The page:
Analysis & Opinions - Foreign Affairs

The Limits of Cyberoffense

| Aug. 11, 2021

Why America Struggles to Fight Back

The recent wave of high-profile cyberattacks by Russian organized crime groups has forced U.S. President Joe Biden’s administration to confront a difficult question: How should the United States respond to hacks not by hostile foreign governments but by criminal nonstate actors? Last October, Russian hackers targeted several U.S. hospital systems with ransomware, disrupting access to electronic medical records and leaving some providers to piece together medical protocols from memory in the midst of a global pandemic. Seven months later, in May 2021, hackers shut down one of the largest fuel pipelines in the United States, leading to shortages across the East Coast and forcing the operator to pay a ransom of $4.4 million to restore service.  

These attacks and others like them are a sobering reminder that U.S. critical infrastructure is rife with vulnerabilities—and that criminals around the world are more than capable of exploiting them. The attacks have also prompted a growing chorus of calls for the Biden administration to not only shore up U.S. cyberdefenses but also to go on the cyberoffensive—to “hit Putin with a serious cyberattack,” as Senator John Kennedy, Republican of Louisiana, put it. But as the administration weighs its options in the wake of the recent attacks, it first has to confront a more basic question: Is the United States in fact capable of launching effective offensive cyberattacks against criminals who are not backed by a state?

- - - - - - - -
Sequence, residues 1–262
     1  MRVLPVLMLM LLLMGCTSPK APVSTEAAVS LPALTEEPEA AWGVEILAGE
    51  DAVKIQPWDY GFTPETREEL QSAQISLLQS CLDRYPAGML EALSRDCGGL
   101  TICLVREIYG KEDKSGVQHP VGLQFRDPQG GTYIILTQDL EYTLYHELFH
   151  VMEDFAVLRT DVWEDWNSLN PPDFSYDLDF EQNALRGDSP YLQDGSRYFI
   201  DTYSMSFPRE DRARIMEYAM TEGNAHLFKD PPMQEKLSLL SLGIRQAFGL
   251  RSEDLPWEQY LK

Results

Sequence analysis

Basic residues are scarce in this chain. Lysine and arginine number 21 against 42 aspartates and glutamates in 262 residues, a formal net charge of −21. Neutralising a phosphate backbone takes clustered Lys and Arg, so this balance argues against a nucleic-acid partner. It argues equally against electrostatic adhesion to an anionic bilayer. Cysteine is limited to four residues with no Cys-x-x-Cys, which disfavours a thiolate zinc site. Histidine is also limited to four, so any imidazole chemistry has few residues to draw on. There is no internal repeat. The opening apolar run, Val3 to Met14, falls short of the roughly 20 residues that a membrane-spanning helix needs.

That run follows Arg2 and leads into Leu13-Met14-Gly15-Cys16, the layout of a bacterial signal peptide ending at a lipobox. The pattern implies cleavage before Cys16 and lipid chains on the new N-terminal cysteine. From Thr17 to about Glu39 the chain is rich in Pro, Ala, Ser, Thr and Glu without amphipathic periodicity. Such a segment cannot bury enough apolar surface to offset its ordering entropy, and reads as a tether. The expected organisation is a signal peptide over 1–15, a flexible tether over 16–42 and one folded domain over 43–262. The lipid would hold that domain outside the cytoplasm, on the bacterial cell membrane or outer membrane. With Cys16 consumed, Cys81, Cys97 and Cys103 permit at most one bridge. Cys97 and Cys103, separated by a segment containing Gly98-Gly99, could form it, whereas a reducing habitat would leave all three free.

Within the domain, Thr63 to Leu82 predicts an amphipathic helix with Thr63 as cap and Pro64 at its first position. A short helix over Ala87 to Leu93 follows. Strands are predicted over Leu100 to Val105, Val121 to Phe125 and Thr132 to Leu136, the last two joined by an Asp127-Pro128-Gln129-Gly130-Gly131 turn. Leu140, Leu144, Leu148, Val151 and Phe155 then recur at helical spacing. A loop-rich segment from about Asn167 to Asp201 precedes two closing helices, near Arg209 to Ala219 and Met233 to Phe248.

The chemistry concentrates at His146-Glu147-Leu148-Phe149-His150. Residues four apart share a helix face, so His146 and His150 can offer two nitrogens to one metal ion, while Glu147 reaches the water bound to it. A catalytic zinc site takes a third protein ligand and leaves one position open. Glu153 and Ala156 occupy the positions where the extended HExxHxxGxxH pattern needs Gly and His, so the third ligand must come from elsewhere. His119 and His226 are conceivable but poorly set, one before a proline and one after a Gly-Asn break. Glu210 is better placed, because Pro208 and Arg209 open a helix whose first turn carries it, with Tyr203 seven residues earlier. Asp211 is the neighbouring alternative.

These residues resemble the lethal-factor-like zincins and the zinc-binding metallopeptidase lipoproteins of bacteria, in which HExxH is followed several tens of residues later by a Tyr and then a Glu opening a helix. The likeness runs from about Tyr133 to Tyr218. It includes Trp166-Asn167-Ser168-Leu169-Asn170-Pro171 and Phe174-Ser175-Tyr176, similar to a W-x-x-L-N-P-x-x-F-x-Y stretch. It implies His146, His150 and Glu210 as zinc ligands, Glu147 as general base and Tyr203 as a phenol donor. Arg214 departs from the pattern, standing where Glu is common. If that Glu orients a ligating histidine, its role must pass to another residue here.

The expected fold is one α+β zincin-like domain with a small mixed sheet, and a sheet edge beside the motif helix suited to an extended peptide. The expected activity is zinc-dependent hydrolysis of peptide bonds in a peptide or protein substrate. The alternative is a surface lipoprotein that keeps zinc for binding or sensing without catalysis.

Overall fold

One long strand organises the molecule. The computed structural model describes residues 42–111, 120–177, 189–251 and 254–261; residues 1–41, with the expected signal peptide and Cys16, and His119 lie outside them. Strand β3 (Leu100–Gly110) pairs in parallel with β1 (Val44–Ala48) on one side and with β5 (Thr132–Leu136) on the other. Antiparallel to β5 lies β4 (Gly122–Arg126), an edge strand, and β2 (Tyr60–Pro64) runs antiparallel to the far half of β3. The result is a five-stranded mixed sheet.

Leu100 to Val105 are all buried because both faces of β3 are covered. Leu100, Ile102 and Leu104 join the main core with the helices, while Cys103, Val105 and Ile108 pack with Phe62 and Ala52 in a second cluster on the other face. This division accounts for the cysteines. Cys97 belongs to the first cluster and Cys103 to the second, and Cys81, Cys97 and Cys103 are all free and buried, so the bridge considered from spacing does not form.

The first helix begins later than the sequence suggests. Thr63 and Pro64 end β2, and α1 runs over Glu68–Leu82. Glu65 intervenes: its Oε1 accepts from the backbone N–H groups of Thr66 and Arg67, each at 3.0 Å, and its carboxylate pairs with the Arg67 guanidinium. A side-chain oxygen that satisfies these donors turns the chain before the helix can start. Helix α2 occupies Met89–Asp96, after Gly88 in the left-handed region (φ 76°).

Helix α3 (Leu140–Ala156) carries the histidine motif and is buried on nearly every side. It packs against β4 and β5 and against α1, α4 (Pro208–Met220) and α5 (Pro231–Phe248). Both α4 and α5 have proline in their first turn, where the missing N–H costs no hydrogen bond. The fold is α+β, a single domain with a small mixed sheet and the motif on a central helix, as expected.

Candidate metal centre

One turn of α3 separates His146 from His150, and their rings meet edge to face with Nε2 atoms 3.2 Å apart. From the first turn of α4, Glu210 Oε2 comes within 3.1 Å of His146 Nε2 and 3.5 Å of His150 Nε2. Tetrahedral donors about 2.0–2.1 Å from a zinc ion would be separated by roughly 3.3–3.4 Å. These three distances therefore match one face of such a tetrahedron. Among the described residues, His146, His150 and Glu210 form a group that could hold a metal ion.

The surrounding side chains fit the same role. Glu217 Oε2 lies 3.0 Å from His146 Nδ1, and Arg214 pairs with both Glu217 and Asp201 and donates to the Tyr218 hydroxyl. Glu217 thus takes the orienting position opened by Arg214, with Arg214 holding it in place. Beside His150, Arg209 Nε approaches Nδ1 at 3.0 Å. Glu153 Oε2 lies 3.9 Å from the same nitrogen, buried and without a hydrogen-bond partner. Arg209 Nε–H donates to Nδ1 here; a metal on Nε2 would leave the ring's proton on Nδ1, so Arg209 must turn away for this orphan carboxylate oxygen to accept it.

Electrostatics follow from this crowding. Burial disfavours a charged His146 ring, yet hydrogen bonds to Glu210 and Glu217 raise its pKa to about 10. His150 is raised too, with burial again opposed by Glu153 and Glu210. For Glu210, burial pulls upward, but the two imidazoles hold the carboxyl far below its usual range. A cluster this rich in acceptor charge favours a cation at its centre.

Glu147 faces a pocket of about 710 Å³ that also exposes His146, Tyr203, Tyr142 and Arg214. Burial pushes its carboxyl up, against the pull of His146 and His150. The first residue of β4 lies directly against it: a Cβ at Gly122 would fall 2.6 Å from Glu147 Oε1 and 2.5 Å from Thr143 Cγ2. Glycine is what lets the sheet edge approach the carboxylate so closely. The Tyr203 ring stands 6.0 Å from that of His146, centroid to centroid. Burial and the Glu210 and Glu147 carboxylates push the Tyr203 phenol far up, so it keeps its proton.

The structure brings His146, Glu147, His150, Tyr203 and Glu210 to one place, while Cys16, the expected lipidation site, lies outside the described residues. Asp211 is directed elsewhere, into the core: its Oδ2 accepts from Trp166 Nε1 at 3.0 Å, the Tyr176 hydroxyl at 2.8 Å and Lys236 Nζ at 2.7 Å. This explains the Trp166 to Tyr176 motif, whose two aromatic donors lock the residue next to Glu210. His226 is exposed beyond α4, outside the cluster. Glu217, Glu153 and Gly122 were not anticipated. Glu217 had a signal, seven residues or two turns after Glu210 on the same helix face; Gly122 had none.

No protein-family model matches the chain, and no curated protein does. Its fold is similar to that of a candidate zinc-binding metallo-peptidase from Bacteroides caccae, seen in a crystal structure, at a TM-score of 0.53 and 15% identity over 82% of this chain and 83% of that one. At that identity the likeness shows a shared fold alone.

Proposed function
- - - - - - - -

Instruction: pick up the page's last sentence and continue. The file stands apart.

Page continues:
President Biden seems to think so. During his recent summit with Russian President Vladimir Putin, he made a bold—if potentially overstated—threat by declaring that the United States has “significant cyber capability” and pledging to “respond with cyber” should Russian hackers attempt to disrupt U.S. critical infrastructure.

But the United States has tried and largely failed to execute offensive cyberattacks against nonstate actors in the past. In the battle against the Islamic State (also known as ISIS), it launched a cyber-campaign to destroy the terrorist group’s communications infrastructure, but a number of significant challenges—namely, in intelligence collection, cyberweapons development, and legal approval—hampered these operations and led to disappointing results. Since then, the United States has made little progress toward addressing these challenges, suggesting that it will have trouble taking the fight to cybercriminals. To turn the tables on organized crime groups in Russia and elsewhere, the United States must improve its ability to collect intelligence on cybercriminals, invest in the research and development needed to create effective cyberweapons, and establish a sturdy legal basis for offensive cyber-action.

For more information on this publication: Belfer Communications Office
For Academic Citation: Rosenbach, Eric, Juliette Kayyem and Lara Mitra.“The Limits of Cyberoffense.” Foreign Affairs, August 11, 2021.

The Authors

Eric Rosenbach

Juliette Kayyem Headshot